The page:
RS11 - ‘Questioning Precariousness: Labour, Collective Organising and Everyday Life’
Precariousness has a complex and multidimensional connotation and has been measured mainly by referring to the extent to which non-standard work arrangements impact on the stability of employment and the availability of workers’ rights. By adopting this perspective, precariousness relates to low levels of regulatory protection, low wages, high employment insecurity, and a low level of worker control over wages, hours and working conditions. The deregulation and flexibilisation of traditional work arrangements, and the resulting erosion of the standard employment relationship, have prompted debate also on the adequacy and effectiveness of structures and methods of collective representation and on the union strategies to mobilise precarious workers to improve their working conditions, in different sectors and national settings. However, the vulnerable condition of precariousness not only concerns employment and industrial relations, but may also characterise other dimensions of life, such as housing, health, welfare provision and personal relationships. This affects particularly the difficulties in making autonomous life plans or the opportunity to engage in long-term projects. In this perspective, precariousness refers to a generalised set of social conditions and an associated sense of insecurity experienced in different stages of the life course, in different social contexts and regions of the world.
Therefore, the main aim of this Research Stream is to analyse both structural and cultural factors that account for the varying forms that precariousness can assume among different individuals and across countries in Eastern, Western, Northern and Southern Europe. The stream encourages contributions from diverse sociological fields that adopt different theoretical perspectives and propose innovative methodological approaches to study precariousness.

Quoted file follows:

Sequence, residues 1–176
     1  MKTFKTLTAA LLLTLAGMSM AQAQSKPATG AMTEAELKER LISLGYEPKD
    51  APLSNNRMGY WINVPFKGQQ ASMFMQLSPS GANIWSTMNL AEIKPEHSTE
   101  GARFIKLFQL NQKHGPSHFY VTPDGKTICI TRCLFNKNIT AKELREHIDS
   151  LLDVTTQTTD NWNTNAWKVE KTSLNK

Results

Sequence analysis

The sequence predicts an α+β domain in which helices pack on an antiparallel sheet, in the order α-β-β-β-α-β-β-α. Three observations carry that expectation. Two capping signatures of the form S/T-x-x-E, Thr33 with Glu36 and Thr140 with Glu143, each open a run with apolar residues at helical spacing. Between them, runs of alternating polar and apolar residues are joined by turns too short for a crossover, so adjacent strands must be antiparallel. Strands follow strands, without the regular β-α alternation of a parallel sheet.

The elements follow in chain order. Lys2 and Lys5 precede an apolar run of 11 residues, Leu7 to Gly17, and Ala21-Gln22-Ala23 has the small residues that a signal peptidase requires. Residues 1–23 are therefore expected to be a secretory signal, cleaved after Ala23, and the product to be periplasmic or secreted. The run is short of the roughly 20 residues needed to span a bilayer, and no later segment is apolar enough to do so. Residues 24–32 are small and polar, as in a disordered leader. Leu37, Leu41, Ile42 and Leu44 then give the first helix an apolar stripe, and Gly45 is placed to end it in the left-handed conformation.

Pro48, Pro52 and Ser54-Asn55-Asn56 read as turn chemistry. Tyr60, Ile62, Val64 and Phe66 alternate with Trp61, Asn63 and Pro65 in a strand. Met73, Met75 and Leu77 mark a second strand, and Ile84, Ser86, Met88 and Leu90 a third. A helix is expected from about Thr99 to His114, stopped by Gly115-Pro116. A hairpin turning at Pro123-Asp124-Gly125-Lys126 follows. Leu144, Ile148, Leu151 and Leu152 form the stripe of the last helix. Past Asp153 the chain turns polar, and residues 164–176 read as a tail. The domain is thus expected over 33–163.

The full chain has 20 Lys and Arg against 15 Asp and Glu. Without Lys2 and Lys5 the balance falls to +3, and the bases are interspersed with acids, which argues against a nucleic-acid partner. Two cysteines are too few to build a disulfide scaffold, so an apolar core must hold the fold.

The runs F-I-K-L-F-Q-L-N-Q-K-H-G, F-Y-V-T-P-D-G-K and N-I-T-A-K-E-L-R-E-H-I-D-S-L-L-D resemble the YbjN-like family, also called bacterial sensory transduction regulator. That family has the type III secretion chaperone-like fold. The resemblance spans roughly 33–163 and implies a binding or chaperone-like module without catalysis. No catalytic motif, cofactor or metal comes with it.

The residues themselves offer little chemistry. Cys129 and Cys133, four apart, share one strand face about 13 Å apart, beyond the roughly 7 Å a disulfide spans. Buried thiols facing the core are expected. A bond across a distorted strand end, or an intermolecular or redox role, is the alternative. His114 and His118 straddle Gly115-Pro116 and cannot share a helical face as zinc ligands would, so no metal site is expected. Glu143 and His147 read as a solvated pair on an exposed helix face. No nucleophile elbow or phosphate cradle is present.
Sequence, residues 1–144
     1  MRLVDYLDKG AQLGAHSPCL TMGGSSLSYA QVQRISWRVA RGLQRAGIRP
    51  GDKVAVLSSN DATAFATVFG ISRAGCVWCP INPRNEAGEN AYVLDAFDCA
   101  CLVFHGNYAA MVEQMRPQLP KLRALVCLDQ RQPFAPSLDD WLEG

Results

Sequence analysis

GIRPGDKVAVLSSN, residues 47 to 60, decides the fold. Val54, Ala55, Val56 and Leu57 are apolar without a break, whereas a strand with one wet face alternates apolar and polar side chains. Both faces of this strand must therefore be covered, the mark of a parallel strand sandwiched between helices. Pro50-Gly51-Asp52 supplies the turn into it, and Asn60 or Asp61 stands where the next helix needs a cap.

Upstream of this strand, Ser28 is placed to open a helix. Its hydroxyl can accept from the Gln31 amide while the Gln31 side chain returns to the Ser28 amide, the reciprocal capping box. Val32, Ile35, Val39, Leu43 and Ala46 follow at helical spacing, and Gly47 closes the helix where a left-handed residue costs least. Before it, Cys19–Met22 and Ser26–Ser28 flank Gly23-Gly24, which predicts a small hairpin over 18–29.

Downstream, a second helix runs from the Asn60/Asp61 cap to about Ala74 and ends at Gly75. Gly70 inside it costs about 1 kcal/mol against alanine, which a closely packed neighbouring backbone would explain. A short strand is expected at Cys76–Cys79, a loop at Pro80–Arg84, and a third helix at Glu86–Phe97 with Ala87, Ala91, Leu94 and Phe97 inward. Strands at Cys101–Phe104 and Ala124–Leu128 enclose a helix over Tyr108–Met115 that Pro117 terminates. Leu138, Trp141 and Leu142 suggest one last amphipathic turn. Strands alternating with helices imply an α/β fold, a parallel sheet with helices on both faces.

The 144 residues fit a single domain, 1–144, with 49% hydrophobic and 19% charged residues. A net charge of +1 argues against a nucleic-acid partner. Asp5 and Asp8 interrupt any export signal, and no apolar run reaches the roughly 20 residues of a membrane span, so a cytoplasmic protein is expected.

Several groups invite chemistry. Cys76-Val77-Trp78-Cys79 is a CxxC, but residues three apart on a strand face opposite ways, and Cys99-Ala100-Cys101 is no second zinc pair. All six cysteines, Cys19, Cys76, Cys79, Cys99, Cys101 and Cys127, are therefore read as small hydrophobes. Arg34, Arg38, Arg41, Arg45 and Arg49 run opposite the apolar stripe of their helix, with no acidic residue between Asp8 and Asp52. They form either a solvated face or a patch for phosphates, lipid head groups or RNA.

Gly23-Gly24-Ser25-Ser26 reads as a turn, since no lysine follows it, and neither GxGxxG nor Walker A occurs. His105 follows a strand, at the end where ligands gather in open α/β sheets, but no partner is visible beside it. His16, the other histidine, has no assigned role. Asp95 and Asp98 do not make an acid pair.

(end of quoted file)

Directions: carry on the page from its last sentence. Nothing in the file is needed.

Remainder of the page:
ABSTRACT SUBMISSION INFORMATION
- Abstracts should not exceed 250 words.
- Submission is through the ConfTool: https://www.conftool.pro/esa2019/
Annalisa Murgia, Department of Social and Political Sciences, University of Milan.
Principal Investigator of the ERC Starting Grant project SHARE ‘Seizing the Hybrid Areas
of work by Representing Self‐Employment’.
Renato Miguel do Carmo, Instituto Universitário de Lisboa, CIES‐IUL.
Director of the Inequality Observatory and Principal Investigator of the project ‘The
employment crisis and the Welfare State in Portugal: deterring drivers of social
vulnerability and inequality’.
Mireia Bolíbar, Department of Social and Political Sciences, Pompeu Fabra University.
Co-PI of the project PRESSED ‘Precarious employment and stress: social factors with
Adam Mrozowicki, Institute of Sociology, University of Wroclaw
Co‐leader of the DFG‐NCN funded project PREWORK ‘Young precarious workers in Poland and Germany: A comparative sociological study on working and living conditions, social consciousness and civic engagement’.
ESA Conference website
General Call for Papers
ESA 2019 Conference Flyer
- 1 February 2019: Abstract submission deadline
- 1 April 2019: Notification of acceptance
- 20-23 August 2019: ESA Conference in Manchester